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The Property Investor' Blog

Property Investor’s FactFile – March 2019

Contents (ShowHide)

National Property Prices

National Property PricesNational Property Prices - March 2019

London Property Prices

London Property Prices - March 2019London Property Prices

Monthly House Price Changes

Monthly House Price ChangesMonthly House Price Changes


LIBOR Data - March 2019LIBOR Data - March 2019

SWAP Rate Data

SWAP Rate Data - March 2019SWAP Rate Data

Private Rented Sector (PRS) – Rental Price Growth

Private Rented Sector (PRS) - Rental Price Growth - March 2019Private Rented Sector (PRS) - Rental Price Growth

Private Rented Sector (PRS) – Growth Index

Private Rented Sector (PRS) - Growth Index - March 2019Private Rented Sector (PRS) - Growth Index

Total Mortgage Approvals

Total Mortgage Approvals - March 2019Total Mortgage Approvals

First Time Buyer – Affordability Measure

First Time Buyer - Affordability MeasureFirst Time Buyer - Affordability Measure

First Time Buyer – Gross House Price to Earnings Ratios

First Time Buyer - Gross House Price to Earnings RatiosFirst Time Buyer - Gross House Price to Earnings Ratios

Commentary by Ruban Selvanayagam

Considering most of us shrug our shoulders when trying to understand the real implications of Brexit on our day-to-day lives, fathoming the ongoing direction of the property market at the moment is an even more challenging proposition.

The reality of failed predictions was no more highlighted when wide economic forecasts of a post-referendum house price crash failed to come into fruition.  The leading post-Brexit house price indices have all demonstrated that values have remained broadly flat since the vote.

Yet, some argue that the real effects of Brexit on the economy and housing market have not played out yet – particularly given the country hasn’t formally untied its relationship with the EU.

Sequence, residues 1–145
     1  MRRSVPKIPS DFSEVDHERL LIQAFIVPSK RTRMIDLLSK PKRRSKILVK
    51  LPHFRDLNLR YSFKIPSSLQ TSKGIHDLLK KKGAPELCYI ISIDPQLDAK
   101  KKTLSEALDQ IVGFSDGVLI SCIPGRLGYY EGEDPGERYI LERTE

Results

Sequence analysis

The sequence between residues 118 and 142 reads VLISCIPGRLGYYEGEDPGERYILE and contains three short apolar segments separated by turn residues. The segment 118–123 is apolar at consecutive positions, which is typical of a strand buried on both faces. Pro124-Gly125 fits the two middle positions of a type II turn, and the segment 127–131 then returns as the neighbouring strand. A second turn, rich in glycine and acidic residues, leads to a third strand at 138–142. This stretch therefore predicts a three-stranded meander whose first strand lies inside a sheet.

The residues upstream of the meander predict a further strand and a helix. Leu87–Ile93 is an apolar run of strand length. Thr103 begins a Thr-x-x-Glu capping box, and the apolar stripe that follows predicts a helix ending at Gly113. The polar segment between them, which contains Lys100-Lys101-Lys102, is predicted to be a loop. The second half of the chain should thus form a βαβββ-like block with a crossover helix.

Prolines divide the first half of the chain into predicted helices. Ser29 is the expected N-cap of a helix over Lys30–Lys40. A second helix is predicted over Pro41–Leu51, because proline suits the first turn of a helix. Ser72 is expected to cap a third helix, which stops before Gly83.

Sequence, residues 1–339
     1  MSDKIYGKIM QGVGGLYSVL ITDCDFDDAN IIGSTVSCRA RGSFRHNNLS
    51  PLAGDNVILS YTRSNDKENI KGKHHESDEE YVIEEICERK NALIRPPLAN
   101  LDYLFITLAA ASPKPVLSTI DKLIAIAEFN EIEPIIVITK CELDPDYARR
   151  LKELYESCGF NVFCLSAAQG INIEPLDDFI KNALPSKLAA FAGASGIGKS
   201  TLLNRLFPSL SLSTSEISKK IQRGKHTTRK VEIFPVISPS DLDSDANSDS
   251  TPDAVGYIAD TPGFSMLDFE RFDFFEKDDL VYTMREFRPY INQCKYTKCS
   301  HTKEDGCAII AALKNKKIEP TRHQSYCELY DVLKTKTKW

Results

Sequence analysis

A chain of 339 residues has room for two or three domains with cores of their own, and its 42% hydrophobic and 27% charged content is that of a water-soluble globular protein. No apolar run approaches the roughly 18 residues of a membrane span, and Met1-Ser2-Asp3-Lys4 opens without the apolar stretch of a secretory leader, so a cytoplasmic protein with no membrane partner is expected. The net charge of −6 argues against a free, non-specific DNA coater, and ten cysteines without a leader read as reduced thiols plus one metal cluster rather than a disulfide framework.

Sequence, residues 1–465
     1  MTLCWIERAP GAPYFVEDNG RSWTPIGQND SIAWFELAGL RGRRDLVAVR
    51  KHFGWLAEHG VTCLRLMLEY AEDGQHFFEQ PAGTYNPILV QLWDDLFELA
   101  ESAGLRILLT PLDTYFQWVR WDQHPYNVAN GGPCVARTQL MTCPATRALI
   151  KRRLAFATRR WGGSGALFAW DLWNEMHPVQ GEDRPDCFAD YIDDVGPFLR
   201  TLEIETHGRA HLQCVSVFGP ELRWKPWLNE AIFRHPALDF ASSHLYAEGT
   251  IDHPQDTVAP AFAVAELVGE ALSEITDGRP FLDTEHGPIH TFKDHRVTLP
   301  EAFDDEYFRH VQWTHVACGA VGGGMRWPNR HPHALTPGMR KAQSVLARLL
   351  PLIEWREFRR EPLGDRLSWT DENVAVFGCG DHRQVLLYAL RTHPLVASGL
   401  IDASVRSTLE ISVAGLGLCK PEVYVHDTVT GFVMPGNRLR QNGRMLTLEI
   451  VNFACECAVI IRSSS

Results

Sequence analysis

Irrespective of what occurs over the next month, housing affordability (or lack of it) will remain a pertinent issue – particularly across London and the South East.  Across these regions, the roll-out of quantitative easing and the ensuing low interest rates resulting from the financial crash of 2007-08 (alongside the Help to Buy equity loan) has meant that prices saw strong growth.  With real valuations doubling in many parts of the capital, getting on the housing ladder is close to impossible for average earners – especially with mortgage down payments being so high.   Office of National Statistics (ONS) measure of affordability (house price to median residence-based earnings), for example, grew from 8.4 in 2007 to 13.2 in London.

On the other hand, there are a number of regions where there’s good value to be had.  Many areas across the Midlands, North Yorkshire and Humberside are affordable – given that these areas did not see the spurt of growth witnessed in the South.  With remote working becoming more common, southern buyers are finding more bang for their buck in the coming years.  This is provided that the Brexit doomsayer predictions don’t actually come true…

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